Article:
Editor’s Note: the following is an introduction to new CHS principal Christina Martinez. As she relates in this account, she is very proud to be principal of CHS, but did not achieve this position without help. Here is her story:
Nuns. Uniforms. Rules. I think this is a fair description of my education from kindergarten through my sophomore year of college. It was strict, and it was orderly. It was private, all-girls, and Catholic. And then I transferred to UC Berkeley. I survived the transition, but I like to compare it to the immortal scene from the 90s action flick, Speed, in which a bus leaps over a missing chunk of interstate. Perhaps my “bus-jump” was not as preposterous, but it was definitely fraught with moments of self-doubt and a crash landing of sorts. My story, however, is not about the gaps or the falls; it is about the ramps that helped me make amazing and ultimately successful leaps in my personal and professional life. I am so proud to be the Principal of Chaffey High School, but the truth is, I did not get here without help.
Mom and Dad: My first ramp
My mom and dad recently celebrated 52 years of marriage. They grew up poor, they worked hard, and they were the first in their families to pursue higher education. They devoted all of their resources to us—me, my brother, and sister —so that we could have opportunities that they did not. They are giants to me.
Petra: A ramp that launched me to another world
Petra was my babysitter from the age of 6 until 13. She lived in our home during the week. She cooked, cleaned, and cared for me and my siblings while my parents worked. She spoke no English. I learned to communicate with Petra in a language that was part Spanish, part charades, part hugs, part kisses. Although she had no formal education, I count Petra among the best teachers I have ever had. She taught me how to read and speak Spanish without me even realizing it. She challenged me and praised me. If Petra could see me now, about to embark on this next step in my career, I think I know what she might say: Hazlo. Sin miedo, mija. Do it. No fear, my daughter.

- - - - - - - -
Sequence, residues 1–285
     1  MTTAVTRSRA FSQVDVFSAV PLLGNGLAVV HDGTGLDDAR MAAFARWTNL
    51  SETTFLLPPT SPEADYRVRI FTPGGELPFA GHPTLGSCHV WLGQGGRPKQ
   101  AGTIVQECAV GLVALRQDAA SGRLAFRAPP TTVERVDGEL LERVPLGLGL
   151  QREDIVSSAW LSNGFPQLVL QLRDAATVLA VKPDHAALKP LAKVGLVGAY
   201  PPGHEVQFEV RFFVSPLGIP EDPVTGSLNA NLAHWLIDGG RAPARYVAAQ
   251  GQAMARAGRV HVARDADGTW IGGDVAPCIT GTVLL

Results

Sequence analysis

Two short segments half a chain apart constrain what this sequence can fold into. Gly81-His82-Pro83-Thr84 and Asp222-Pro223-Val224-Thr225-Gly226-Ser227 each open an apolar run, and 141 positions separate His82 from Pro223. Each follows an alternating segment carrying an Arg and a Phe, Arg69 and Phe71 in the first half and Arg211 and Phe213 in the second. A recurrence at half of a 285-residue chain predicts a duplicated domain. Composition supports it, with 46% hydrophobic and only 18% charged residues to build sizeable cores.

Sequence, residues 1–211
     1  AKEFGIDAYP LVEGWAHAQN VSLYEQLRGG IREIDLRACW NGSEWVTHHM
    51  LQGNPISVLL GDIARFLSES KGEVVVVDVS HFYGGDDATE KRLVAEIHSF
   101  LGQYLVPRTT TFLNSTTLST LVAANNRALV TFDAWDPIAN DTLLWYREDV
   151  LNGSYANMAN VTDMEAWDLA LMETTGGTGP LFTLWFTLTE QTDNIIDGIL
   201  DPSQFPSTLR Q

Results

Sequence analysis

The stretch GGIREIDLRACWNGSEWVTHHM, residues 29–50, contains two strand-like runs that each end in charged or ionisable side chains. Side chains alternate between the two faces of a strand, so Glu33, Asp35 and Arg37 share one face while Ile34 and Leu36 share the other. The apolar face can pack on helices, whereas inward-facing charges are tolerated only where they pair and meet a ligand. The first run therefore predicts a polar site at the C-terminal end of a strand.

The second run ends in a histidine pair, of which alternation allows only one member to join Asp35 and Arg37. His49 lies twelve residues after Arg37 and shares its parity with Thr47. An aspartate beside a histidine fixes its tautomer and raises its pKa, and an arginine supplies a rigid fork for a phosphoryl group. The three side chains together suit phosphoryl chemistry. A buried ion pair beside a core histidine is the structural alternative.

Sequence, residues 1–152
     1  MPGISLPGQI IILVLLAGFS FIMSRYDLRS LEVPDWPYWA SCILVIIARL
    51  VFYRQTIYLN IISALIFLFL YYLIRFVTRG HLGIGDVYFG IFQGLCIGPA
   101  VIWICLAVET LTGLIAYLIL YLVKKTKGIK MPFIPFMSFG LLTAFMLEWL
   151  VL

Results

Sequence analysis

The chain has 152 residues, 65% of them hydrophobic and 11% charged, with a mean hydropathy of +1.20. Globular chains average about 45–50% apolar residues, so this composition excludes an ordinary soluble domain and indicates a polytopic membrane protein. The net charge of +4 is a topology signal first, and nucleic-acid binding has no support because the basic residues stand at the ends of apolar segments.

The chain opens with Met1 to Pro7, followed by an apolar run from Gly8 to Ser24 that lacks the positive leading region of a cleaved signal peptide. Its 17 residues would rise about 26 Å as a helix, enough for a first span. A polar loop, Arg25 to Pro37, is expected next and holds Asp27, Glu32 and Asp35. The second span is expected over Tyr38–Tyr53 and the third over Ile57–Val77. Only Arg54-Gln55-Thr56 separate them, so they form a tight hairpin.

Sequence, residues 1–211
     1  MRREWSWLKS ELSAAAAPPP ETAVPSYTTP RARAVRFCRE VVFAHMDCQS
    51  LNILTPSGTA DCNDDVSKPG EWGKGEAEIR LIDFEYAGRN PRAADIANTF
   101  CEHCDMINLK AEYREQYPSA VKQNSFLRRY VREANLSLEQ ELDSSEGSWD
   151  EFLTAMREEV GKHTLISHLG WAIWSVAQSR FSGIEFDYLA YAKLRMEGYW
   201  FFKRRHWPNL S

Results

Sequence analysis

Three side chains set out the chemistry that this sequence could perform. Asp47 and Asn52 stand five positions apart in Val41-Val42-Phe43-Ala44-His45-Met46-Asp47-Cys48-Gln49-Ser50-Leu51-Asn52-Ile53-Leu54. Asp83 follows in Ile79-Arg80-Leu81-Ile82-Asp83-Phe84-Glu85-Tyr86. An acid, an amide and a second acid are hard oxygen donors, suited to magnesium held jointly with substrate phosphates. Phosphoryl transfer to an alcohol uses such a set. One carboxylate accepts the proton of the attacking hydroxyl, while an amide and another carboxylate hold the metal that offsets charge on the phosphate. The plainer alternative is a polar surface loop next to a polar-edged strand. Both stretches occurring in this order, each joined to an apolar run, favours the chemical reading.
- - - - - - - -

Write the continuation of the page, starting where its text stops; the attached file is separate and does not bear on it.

Romance Novels: The ramp I tried to keep a secret from my parents
I developed a love of reading at the age of 12. That is when I discovered a Harlequin romance novel on the bookshelf in my parent’s bedroom. The cover drew me: a man, shirt half-torn, with longish hair blowing in the wind, standing at the bow of a ship. That’s all it took. I was hooked. I was on the literary equivalent of an all-carb, all-sugar diet for the next few years. My tastes eventually graduated to writers like Shakespeare, Alice Walker, and Toni Morrison. My love of reading led me to be an English major in college, and later, to a career in education. I was an English teacher for 9 years before becoming a counselor, and then an administrator. I still love to read.
Nuns, nuns, and more nuns: My invisible, yet always present ramp
My first semester at UC Berkeley played out like an epic battle between Good and Stupidity. My shoulder angels—Sister Mary Victor, Sister Catherine Jean, and Sister Ramona—reminded me constantly to honor my parents, protect my virtue, and avoid temptation. Sadly, they were no match for my shoulder devils—freedom and fraternity parties. Without going into the unfortunate details, it is enough to say that I lost my way for a little while. By the end of my first semester, I was on academic probation. Thankfully, I battled back, raised my GPA, and graduated on time. Phew!
What I realized after the disaster that was my first semester at UC Berkeley, and what I have never forgotten since, was that I had ramps. That is to say, I had so much support, and such a strong foundation, that I could not fail. In that moment, as with so many of the challenges that I have faced in my life since then, I had to get out my ramps. I had to back all the way up, get running, and leap over whatever chasm was in front of me.
In a nutshell, this is my philosophy of education. I BELIEVE IN RAMPS. I believe that if students don’t come to us with a ramp-in-hand, then we build one together. It’s easy to point to a huge gap in an adolescent’s “stretch of freeway”. It requires patience, cooperation, and a belief that all individuals can learn, to build a ramp that can launch students, teachers, a school, a community, into the air and over to the other side. And this is exactly what I intend to do!